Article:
|Publication number||US7481272 B2|
|Application number||US 11/751,276|
|Publication date||Jan 27, 2009|
|Filing date||May 21, 2007|
|Priority date||Jul 30, 2001|
|Also published as||CA2449812A1, CA2449812C, US6655459, US6971450, US7219745, US20030019639, US20040065447, US20060124319, US20070261846, WO2003012255A1|
|Publication number||11751276, 751276, US 7481272 B2, US 7481272B2, US-B2-7481272, US7481272 B2, US7481272B2|
|Inventors||Alexander Craig Mackay|
|Original Assignee||Weatherford/Lamb, Inc.|
|Export Citation||BiBTeX, EndNote, RefMan|
|Patent Citations (6), Classifications (12), Legal Events (6)|
|External Links: USPTO, USPTO Assignment, Espacenet|
This application is a continuation of U.S. patent application Ser. No. 11/295,678, filed Dec. 6, 2005 now U.S. Pat. No. 7,219,745, which is a continuation of U.S. patent application Ser. No. 10/681,426, filed Oct. 8, 2003, now U.S. Pat. No. 6,971,450, which application is a continuation of U.S. patent application Ser. No. 09/918,002, filed Jul. 30, 2001, now U.S. Pat. No. 6,655,459, which applications are herein incorporated by reference in their entirety.
1. Field of the Invention
The present invention provides an apparatus and methods for use in wellbores. More particularly, the invention provides an apparatus and methods for use with a cement shoe assembly having an isolation sleeve for use in monobore wells. Even more particularly, the invention provides a cement shoe assembly with an enlarged inner diameter portion and a sleeve for isolating the enlarged portion from the bore of the cement shoe, thereby facilitating the expansion of a tubular into the enlarged portion after cementing. The invention also provides an isolation sleeve for use with a casing in a monobore well.
2. Description of the Related Art
In the drilling of a hydrocarbon well, a wellbore is formed using a drill bit that is urged downwardly at a lower end of a drill string. After drilling a predetermined depth, the drill string and bit are removed and the wellbore is lined with a string of tubulars or casing. The casing is subsequently cemented, thereby protecting the formation and preventing the walls of the wellbore from collapsing. The casing also provides a reliable path through which drilling tools, drilling mud, and ultimately, production fluid may travel.
After the wellbore is lined with the initial string of casing, the well is drilled to a new depth. A new string of tubulars or liner is then lowered into the well. The new liner is positioned so that the top of the liner overlaps the bottom of the existing casing. Thereafter, with the liner held in place with a mechanical hanger, the liner is cemented. In cementing a tubular string, a column of cement is pumped into the tubular and forced to the bottom of the wellbore where it flows out and flows upward into an annulus defined by the wellbore and the new string of liner.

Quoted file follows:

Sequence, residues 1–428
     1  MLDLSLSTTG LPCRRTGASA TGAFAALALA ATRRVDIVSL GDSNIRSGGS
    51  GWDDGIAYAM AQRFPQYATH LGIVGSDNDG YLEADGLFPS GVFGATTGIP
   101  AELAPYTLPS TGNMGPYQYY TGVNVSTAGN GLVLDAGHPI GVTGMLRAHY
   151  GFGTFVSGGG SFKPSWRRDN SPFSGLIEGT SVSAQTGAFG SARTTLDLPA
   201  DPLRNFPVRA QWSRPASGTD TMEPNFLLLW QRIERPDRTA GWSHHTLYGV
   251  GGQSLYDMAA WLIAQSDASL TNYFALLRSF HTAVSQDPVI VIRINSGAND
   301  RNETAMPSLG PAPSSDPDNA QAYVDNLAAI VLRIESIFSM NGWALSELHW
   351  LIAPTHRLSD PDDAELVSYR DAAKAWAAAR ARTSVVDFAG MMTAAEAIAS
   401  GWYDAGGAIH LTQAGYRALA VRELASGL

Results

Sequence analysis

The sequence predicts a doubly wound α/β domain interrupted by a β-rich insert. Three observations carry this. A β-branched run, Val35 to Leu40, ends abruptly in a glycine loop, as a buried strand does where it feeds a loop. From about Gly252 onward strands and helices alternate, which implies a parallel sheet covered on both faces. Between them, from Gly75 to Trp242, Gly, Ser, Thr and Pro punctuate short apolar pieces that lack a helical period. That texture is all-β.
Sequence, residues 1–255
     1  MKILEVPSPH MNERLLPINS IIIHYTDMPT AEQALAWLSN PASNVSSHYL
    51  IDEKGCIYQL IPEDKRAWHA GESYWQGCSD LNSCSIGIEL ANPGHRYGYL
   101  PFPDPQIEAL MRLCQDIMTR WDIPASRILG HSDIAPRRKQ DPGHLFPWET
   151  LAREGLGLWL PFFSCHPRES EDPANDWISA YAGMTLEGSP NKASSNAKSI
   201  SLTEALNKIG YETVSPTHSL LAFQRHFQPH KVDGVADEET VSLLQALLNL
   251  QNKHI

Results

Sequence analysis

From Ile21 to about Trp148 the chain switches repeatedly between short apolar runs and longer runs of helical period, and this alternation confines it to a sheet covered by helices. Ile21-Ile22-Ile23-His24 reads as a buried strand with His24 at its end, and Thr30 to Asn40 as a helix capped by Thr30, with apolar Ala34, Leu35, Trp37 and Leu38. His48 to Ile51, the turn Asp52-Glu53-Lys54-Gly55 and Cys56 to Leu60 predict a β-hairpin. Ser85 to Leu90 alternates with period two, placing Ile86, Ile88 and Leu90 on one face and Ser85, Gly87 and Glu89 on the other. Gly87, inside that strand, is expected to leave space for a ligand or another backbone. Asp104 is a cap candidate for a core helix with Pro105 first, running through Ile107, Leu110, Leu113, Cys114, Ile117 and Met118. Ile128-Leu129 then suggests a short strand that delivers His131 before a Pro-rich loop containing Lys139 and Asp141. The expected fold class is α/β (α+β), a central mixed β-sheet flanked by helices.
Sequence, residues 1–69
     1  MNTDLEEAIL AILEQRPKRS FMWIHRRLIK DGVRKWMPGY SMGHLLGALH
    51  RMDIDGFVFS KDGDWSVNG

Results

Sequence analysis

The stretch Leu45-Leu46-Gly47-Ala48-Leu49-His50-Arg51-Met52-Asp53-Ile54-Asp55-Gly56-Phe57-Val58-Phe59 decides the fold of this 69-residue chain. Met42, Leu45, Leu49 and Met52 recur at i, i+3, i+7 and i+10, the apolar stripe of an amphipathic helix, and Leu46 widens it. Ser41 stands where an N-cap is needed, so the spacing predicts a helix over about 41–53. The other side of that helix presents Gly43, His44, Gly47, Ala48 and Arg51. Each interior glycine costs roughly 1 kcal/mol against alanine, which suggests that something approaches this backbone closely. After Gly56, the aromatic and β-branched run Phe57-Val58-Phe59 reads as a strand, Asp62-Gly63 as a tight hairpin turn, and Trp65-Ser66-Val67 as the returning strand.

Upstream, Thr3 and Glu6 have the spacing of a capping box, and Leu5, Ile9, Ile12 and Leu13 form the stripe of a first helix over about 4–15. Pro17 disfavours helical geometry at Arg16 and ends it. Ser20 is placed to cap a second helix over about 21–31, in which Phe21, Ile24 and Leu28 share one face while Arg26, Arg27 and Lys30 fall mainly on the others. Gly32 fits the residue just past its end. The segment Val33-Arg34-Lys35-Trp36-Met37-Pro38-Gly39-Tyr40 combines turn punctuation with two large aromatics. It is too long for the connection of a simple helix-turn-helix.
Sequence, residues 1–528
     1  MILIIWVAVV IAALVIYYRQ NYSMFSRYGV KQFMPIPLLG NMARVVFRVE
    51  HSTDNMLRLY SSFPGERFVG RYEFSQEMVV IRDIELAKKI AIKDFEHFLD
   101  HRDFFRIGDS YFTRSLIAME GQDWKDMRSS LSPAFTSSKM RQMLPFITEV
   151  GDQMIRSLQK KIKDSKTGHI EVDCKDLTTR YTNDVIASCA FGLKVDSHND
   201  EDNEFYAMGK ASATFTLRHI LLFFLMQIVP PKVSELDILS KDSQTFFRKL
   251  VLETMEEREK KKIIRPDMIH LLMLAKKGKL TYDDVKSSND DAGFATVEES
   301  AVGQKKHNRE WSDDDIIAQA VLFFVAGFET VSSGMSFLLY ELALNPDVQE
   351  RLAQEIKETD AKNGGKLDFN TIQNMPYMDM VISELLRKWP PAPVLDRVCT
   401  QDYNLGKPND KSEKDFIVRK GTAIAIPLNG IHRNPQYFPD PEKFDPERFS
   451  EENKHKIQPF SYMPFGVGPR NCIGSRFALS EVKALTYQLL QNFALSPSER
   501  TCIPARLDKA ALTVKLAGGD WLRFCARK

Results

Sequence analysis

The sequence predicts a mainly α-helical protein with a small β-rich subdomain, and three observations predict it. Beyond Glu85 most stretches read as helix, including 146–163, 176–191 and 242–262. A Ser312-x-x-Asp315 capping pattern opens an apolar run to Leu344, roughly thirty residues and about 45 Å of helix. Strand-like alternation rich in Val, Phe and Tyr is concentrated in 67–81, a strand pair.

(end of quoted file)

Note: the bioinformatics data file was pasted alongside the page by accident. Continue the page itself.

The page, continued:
In order to facilitate cementing of a tubular string in a well, a cementing apparatus referred to as a cement shoe may be lowered into the wellbore at the bottom of the tubular string to be cemented. The shoe typically includes various components including a tapered nose portion located at the downhole end of the tubular to facilitate insertion of the shoe into the borehole. Additionally, a check valve constructed and arranged to partially seal the end of the tubular is provided. The check valve prevents entry of well fluid during run-in while permitting cement to subsequently flow outwards. The same valve or another valve or plug typically located in a baffle collar above the cementing apparatus prevents the cement from back flowing into the tubular. Components of the cementing shoe are made of fiberglass, plastic, or other drillable material. Once the cementing is completed, the shoe and any cement remaining in the casing can later be destroyed when the wellbore is drilled to a new depth.
Recently, an apparatus has been developed for expanding the diameter of a liner in a wellbore to conform to the larger diameter of a previously run casing string.
Historically, each string of tubulars inserted to line a wellbore has necessarily been smaller in diameter than the string previously inserted. In this respect, the wellbore typically consists of sequential strings of tubulars of an ever-decreasing inner and outer diameter. The ability to expand a tubular in situ has led to the idea of monobore wells, wherein through the expansion of entire tubular strings in the wellbore, the wellbore remains at about the same inner diameter throughout its length. The advantages of the monobore well are obvious. The tubulars lining the borehole, and therefore, the possible path for fluid in and out of the well remains consistent regardless of well depth. Additionally, wellbore components and other devices can more easily be run into the well without regard for the restriction of decreasing diameters of the lining encountered on the way to the bottom of the wellbore. One problem with monobore wells relates to the difficulty of expanding one tubular into another when the outer tubular is cemented into the wellbore, preventing the outer diameter from increasing as the inner tubulars is expanded into it.
In order to facilitate the assembly of tubular strings to form a monobore, the lower portion of the upper string of tubulars is specifically designed with an enlarged inner diameter in the area that will receive the expanded upper portion of a lower string. To join the tubulars with an expansion means, the upper end of the second string is aligned with the enlarged inner diameter portion of the first string. An expansion tool is used to radially expand the upper end of the second string into the enlarged inner diameter portion to approximately the same inner and outer diameter as the first string. In this manner, the second tubular string is expanded into the first string without an increase in the outer diameter of the first string and without the use of conventional slips.